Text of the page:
Do collaborative robots always have to move slowly? No! Here are 5 safety critical applications which can boost your cobot productivity. Collaborative robots are safe, right? Well, yes. They are designed to be safe around humans. However, as our experts at the recent Robotiq User Conference discussed, they are not safe in all situations.
We don’t often think of hand-guiding as a safety-critical application, but it is.
Safety is important for all robot applications. You should always carry out a risk assessment, whether you are using a tiny tabletop cobot or a huge industrial manipulator. However, safety is especially critical for some applications.
You need to pay extra attention to safety whenever your application involves a human physically interacting with the robot. But, what applications are we talking about here?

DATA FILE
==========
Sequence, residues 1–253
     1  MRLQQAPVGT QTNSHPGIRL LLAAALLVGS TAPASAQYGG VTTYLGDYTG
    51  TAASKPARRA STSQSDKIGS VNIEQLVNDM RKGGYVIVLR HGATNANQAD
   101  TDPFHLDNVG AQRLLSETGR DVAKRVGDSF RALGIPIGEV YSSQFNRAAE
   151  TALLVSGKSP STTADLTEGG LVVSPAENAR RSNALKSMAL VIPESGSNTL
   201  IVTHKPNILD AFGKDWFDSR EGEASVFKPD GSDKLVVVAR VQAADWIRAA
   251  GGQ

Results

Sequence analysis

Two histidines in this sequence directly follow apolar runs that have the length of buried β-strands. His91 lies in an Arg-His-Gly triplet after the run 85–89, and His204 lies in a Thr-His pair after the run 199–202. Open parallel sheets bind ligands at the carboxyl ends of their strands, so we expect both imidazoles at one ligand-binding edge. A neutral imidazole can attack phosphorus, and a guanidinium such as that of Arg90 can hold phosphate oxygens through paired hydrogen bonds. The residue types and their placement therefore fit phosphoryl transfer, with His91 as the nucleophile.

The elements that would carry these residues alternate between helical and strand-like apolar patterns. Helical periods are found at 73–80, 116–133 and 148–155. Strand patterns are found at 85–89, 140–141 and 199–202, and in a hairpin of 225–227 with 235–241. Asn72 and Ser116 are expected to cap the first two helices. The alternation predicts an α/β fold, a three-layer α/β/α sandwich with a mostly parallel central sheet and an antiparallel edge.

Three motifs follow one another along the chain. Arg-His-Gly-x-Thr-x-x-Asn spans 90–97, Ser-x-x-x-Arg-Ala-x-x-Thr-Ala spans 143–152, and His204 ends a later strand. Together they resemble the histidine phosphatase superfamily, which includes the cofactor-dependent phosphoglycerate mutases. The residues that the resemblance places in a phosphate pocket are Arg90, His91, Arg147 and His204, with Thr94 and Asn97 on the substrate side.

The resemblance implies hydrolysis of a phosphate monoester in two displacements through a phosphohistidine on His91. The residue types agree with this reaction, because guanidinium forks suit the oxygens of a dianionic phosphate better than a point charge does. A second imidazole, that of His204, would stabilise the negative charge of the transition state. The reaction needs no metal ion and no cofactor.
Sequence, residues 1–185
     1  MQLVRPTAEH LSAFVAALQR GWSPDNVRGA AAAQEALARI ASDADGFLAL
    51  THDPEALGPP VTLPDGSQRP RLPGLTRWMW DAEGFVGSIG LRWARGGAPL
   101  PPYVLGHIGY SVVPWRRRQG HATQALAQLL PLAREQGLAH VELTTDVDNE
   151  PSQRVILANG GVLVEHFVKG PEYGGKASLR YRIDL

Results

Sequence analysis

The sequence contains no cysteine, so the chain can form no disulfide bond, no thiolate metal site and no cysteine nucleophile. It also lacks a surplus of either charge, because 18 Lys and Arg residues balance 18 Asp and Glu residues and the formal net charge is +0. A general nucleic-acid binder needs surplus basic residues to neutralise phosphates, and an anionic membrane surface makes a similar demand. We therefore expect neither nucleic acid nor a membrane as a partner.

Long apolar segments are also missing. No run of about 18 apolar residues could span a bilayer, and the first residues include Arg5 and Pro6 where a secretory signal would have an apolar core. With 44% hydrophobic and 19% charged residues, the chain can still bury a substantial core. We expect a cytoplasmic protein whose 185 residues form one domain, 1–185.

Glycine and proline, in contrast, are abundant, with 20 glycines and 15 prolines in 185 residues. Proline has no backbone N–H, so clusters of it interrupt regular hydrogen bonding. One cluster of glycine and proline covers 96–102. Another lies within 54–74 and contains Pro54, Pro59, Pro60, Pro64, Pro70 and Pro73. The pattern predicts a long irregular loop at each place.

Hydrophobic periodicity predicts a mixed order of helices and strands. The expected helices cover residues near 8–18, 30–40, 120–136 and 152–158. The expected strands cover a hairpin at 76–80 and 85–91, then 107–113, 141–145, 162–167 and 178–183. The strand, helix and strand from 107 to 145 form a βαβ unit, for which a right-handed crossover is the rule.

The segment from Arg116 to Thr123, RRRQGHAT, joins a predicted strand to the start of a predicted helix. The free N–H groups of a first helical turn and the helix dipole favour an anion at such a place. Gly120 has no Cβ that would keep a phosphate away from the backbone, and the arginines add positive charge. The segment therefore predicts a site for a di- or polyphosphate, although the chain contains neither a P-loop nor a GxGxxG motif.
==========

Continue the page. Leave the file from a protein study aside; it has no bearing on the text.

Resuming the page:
Thankfully, the robotic standards give us some clues. There are 5 types of application which are safety critical with collaborative robots.
Why these applications?
First, I should explain why these 5 applications are so useful.
It’s quite normal to see collaborative robots running in a reduced speed mode. If you have seen a cobot demo (at a trade fair, for example), you have probably seen this mode in action. Because this is so common in demos, some people mistakenly believe that cobots can only move slowly. However, the true maximum speed of cobots is often similar to industrial robots.
Reduced speed mode is designed to keep the cobot within the safety limits as specified by the cobot standards (e.g. ISO/TS 15066). When the robot collides with a person in this mode, it won’t apply a harmful force to them.
The problem with reduced speed mode is that (obviously) it makes the robot move very slowly. This means that you sacrifice productivity for safety.